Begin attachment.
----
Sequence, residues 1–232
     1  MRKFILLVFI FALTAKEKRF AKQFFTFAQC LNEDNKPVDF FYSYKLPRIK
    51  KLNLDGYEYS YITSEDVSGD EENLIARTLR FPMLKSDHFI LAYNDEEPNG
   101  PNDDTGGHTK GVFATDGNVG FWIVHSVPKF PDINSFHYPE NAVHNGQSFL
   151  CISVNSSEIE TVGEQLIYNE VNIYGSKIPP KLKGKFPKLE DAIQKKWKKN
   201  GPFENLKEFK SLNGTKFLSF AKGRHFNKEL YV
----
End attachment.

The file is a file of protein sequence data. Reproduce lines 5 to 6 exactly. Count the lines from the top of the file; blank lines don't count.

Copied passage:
   151  CISVNSSEIE TVGEQLIYNE VNIYGSKIPP KLKGKFPKLE DAIQKKWKKN
   201  GPFENLKEFK SLNGTKFLSF AKGRHFNKEL YV